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The World Health Organisation is to release updated HIV treatment guidelines recommending commencement of treatment for everyone living with HIV – regardless of their CD4 count. 

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Dr Meg Doherty speaking at IAS2015. (Photo by HIV Nemus (twitter))

Dr Meg Doherty of the World Health Organisation (WHO)’s Department of HIV/AIDS revealed the recommendations at the International AIDS Society Conference (IAS 2015) in Vancouver on Sunday.

The WHO’s recommendations come in the wake of the START and TEMPRANO trials which released results this year. Both trials demonstrated that the earlier someone was started on ART the better their long-term quality of life would be – with less serious illnesses, hospital admissions, and AIDS-related deaths. The guidelines also call for availability of PrEP for those at high risk of HIV infection.

The new guidelines built upon the existing 2013 HIV treatment guidelines but updated them with the latest reviewed evidence are as follows:

  • Treatment for all adults and adolescents regardless of CD4 count, prioritising those with CD4 counts below 350 cells/mm3 and those with AIDS-defining illnesses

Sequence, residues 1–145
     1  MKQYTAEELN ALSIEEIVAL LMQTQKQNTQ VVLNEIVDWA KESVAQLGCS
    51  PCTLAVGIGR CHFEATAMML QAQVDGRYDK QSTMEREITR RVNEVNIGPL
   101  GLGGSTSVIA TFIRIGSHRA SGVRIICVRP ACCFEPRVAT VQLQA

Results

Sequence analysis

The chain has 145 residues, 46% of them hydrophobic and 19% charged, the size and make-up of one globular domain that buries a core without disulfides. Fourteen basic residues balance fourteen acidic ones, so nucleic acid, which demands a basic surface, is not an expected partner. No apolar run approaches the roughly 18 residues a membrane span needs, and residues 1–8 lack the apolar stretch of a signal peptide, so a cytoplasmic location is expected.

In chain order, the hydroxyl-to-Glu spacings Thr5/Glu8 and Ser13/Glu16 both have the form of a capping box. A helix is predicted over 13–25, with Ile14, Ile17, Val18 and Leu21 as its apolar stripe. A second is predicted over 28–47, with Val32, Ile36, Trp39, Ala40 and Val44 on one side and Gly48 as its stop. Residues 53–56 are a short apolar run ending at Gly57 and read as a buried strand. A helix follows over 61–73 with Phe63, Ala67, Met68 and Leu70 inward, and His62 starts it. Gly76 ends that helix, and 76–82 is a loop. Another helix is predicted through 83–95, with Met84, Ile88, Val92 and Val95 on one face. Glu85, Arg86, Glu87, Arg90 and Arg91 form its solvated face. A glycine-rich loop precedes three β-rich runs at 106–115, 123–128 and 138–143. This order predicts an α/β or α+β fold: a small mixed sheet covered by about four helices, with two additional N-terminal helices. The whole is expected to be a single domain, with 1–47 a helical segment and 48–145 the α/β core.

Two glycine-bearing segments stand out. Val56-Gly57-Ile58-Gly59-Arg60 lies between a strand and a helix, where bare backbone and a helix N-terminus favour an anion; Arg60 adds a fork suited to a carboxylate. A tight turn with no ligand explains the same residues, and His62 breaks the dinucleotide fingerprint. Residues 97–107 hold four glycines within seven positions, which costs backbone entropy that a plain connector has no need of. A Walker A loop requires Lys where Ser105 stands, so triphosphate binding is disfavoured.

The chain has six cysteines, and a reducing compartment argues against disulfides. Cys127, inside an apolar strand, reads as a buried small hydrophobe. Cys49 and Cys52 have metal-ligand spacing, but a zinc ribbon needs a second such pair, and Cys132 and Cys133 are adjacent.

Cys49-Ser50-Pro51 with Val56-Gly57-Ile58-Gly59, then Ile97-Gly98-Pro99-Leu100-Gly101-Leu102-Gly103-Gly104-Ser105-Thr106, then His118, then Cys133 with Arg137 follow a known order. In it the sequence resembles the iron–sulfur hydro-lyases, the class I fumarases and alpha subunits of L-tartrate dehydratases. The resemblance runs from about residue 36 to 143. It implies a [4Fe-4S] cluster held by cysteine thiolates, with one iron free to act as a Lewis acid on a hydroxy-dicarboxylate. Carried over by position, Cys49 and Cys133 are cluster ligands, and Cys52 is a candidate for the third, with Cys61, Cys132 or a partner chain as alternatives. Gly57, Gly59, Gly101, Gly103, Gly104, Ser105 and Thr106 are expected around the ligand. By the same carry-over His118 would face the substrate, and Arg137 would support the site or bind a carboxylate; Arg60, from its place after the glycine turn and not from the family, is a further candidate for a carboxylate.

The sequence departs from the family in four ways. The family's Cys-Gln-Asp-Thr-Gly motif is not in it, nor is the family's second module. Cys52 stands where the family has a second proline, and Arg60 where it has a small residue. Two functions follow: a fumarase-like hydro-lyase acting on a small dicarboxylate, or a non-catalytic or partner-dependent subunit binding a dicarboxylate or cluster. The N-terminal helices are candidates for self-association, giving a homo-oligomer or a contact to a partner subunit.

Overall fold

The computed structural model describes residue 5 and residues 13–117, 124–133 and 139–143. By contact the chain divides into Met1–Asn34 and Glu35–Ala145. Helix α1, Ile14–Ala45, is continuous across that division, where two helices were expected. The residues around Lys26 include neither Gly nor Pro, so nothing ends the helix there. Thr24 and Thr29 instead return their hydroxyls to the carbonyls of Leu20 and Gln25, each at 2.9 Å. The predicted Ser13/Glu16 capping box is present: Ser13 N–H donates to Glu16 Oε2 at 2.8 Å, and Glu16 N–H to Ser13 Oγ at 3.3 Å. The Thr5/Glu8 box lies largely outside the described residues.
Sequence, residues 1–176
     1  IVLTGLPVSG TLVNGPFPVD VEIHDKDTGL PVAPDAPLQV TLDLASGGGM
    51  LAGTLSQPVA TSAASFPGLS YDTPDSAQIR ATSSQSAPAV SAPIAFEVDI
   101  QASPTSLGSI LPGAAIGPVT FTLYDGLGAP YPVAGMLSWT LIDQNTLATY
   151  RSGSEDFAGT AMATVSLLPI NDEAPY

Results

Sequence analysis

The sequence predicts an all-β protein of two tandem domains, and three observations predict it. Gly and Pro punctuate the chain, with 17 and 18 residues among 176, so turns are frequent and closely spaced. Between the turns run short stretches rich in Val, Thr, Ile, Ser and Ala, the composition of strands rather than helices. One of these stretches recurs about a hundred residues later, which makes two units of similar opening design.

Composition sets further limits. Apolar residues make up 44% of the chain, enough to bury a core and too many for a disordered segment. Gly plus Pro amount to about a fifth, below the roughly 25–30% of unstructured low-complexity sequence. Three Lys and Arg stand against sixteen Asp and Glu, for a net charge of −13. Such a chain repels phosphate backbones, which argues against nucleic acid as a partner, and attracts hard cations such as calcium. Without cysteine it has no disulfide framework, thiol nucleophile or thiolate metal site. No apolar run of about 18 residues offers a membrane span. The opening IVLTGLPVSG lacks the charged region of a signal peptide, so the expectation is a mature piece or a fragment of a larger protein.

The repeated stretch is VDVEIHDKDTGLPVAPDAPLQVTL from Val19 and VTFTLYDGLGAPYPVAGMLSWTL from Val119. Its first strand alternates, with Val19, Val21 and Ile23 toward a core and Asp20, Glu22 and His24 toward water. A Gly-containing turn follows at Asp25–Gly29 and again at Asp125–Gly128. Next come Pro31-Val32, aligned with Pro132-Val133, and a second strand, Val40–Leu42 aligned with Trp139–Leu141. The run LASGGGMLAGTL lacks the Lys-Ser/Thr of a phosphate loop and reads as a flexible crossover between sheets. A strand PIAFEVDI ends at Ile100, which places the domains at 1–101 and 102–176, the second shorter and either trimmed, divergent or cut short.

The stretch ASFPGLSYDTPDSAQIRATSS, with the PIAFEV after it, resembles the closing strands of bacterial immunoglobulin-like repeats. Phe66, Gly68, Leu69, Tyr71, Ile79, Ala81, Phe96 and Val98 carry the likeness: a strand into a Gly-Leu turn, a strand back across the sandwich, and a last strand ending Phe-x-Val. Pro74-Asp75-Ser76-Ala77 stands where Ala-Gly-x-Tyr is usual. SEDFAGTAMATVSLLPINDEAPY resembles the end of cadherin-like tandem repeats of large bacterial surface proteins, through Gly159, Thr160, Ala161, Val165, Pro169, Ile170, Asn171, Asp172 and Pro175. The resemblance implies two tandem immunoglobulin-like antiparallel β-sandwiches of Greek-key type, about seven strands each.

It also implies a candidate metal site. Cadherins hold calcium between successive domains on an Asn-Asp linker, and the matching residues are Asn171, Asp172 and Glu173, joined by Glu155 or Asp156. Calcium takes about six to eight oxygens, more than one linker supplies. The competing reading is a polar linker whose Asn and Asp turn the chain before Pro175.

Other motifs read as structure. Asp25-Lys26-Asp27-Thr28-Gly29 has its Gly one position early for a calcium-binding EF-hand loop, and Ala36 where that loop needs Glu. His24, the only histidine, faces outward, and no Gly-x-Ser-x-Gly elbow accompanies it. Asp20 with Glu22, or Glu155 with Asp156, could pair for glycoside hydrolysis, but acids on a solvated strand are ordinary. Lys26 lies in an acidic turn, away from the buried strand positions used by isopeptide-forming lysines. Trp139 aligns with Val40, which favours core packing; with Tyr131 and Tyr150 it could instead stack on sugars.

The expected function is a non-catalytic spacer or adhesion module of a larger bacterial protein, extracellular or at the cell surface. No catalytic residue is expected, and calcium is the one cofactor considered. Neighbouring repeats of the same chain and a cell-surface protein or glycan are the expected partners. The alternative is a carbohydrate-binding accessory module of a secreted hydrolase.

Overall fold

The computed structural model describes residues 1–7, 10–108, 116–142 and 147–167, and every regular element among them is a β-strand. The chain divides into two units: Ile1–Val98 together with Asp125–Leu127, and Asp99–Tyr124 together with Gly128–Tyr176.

• Treatment for all children
  • Treatment for all pregnant women, leading to lifelong treatment (Option B+)
  • Pre-exposure prophylaxis (PrEP) should be offered as an additional prevention choice for people at substantial risk of HIV infection.

Yesterday’s announcement only further bolsters the UNAIDS 90-90-90 target to ensure that, by 2020, 90% of people living with HIV know their HIV status, 90% of people living with HIV have access to antiretroviral therapy and 90% on treatment have viral suppression. UNAIDS also revealed last week that its previous headline goal ’15 million people on treatment by 2015′ was reached, and crossed in March 2015.

2 COMMENTS

  1. Hello,i would like to know more on how to live positively.and how does the one pill a day work?does it depend on your cd4 count?

    • Hi there Catherine,

      Your life needn’t change because of a HIV diagnosis. HIV can be controlled easily by modern medication. Sometimes it’s one pill a day, or sometimes it’s three pills a day – it depends which combination will work best with your body. It’s recommended that everyone with a HIV diagnosis start treatment as soon as possible now. You can read more on the subject at http://www.aidsmap.com/Starting-treatment/cat/1670/

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